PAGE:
Brian Higgins (poet)

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Brian Higgins, by Patrick Swift, c.1960

Brian Higgins (1930 –1965) was an Irish poet, mathematician and professional rugby player.

‘Born at Batley in 1930, bored at Bradford in 1940, in 1950 he had an affair with the gamma function. He was educated in 1960 at the "York Minster", Soho.’

Thus states the biographical note on the endpaper of Brian Higgins's first book of poems, The Only Need. Brian Higgins died in 1965, before his third book of poems The Northern Fiddler appeared. In an introduction to this book the poet George Barker wrote that Higgins "had perceived that the secret at the heart of affairs constituted the most ingenious practical joke, which only a man who was at one and the same time a mathematician and a poet of sentiment could start functioning for the amusement and edification of all concerned." Higgins called himself "a realist who wished to be romantic".

Biography[edit]

Welfare X = Y

I am a digit soon to be cancelled out.
What does it matter, an integer, more or less?
For allowance is made in the rules that the world is a mess,
Plus or minus a few perhaps, but it's right—just about.

A knife in my guts is the line of a pen through my mark
And all my biography told in the numbers to ten
The cock of my eye to the sun and the laugh of my soul to the dark,
For I am one of the faceless signs, one of the Welfare Men.

The decimals stutter and this is the lie they repeat.
“The years that he lived are accountable for in the main
Add him up on the left and the right and it balances neat
A few blank months—but we soon got him working again”.

Yes, ordinate and abscissa, they chose for the graph
The amount of Time spent related to What is Produced
And a line through incorellate points is my strange epitaph
“With the usual allowance for error X equals Y is educed.”

From The Only Need, 1960[1]

He was born in Batley, Yorkshire. He was a gifted mathematician and, briefly, a professional Rugby League footballer. He then became a schoolteacher; but soon abandoned this for a literary career, at which he was also unsuccessful. After living from hand to mouth for some years, he died of a rare heart disease. As a poet he first came to attention through X (magazine) and it was one of X's editors, Patrick Swift, who first put him up - or as David Wright says, 'put up with him'[2] - in London. Wright amusingly goes on to recall: "More than once Swift and I had to sit on his head to stop him writing furious letters full of impossible pecuniary demands to whichever was the unfortunate publisher of the moment. Higgins would say, with impenetrable logic: 'Look, it's going to cost them £500 to publish these rubbishy poems. Why don't they give me the £500 and not publish?' "[3]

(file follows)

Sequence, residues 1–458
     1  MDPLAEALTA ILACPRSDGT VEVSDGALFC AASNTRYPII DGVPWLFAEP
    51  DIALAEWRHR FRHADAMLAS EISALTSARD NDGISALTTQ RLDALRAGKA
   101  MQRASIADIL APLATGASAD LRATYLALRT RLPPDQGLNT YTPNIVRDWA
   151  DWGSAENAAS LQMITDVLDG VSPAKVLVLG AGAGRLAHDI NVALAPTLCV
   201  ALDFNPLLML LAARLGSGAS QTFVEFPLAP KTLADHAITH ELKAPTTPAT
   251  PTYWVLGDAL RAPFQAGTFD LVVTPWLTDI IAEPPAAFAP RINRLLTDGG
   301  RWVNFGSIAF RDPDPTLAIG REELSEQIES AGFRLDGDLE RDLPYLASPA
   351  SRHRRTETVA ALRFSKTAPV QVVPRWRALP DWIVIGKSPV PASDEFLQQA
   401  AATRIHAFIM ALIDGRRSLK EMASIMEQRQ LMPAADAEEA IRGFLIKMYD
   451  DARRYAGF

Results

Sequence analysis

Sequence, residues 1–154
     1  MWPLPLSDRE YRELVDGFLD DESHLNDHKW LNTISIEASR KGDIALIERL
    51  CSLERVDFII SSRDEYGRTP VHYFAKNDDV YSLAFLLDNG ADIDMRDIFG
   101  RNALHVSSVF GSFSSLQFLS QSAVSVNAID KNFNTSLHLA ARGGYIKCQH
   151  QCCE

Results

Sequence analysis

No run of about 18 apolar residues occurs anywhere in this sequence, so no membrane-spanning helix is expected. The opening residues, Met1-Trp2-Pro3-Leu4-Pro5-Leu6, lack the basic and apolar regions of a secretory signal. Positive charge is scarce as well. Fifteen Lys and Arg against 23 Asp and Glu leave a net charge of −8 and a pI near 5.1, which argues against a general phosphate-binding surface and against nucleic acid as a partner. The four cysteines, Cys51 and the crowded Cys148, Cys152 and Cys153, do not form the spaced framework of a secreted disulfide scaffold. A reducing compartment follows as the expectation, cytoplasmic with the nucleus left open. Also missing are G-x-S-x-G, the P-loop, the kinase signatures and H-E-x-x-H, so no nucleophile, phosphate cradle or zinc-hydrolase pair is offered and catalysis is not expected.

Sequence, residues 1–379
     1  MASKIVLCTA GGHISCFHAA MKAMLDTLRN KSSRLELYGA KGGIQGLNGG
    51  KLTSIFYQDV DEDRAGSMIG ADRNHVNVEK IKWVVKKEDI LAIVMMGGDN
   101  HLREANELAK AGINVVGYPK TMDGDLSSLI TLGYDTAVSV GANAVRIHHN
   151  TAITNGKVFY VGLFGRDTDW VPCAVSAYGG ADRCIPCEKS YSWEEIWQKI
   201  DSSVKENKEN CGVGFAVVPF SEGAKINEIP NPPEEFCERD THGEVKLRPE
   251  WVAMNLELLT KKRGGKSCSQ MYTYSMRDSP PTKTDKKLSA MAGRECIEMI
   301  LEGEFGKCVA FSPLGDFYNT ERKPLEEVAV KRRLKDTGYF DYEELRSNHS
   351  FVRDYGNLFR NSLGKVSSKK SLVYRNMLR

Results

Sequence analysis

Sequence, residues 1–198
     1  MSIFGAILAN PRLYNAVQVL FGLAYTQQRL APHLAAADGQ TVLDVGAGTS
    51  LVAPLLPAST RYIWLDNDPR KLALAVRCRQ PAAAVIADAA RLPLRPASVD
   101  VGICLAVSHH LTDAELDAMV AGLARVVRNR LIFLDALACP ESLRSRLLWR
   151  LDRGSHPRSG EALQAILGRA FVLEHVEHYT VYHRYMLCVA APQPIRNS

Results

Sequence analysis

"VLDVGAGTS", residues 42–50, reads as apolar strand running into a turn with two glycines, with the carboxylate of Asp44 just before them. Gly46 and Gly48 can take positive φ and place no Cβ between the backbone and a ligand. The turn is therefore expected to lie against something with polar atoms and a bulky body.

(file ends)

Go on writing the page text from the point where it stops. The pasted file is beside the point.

Martin Seymour-Smith says that "in some twenty poems, including ‘Snow and Poetry’ and ‘A Slight Unease’, he achieved a surprisingly precise, elegant and metaphysical voice that might well have been developed had he lived."[4]

And David Wright on Higgins in Poetry Review: "Martin Seymour-Smith remarks in his Guide to Modern World Literature, ‘a hit-or-miss poet . . . who had too little time to exercise control over his considerable intelligence’. But one or two of his poems sustain a comparison with Blake, that else might seem fatuous, made by a reviewer of his last and posthumous book in the New Statesman (which of course never published a line by Higgins while he was alive; despite or because of the abusive letters Higgins used to hurl at its editor)...Useless to speculate what he might have done or been; but with his going there closed a window which would have let fresh air into the hothouse. Some of us might have felt the draught."[5]

Work[edit]

  • The Only Need, Abelard-Schuman, London (1960)
  • Notes While Travelling, London: Longmans, (1964)
  • The Northern Fiddler, London: Methuen & Co. Ltd (1966)

References[edit]

  1. ^ Oxford Journals
  2. ^ X, An Anthology (Oxford University Press, 1988)
  3. ^ X, An Anthology (Oxford University Press, 1988)
  4. ^ Martin Seymour-Smith, Brian Higgins Bio Note
  5. ^ David Wright, Poetry Review

Reference & Further Reading[edit]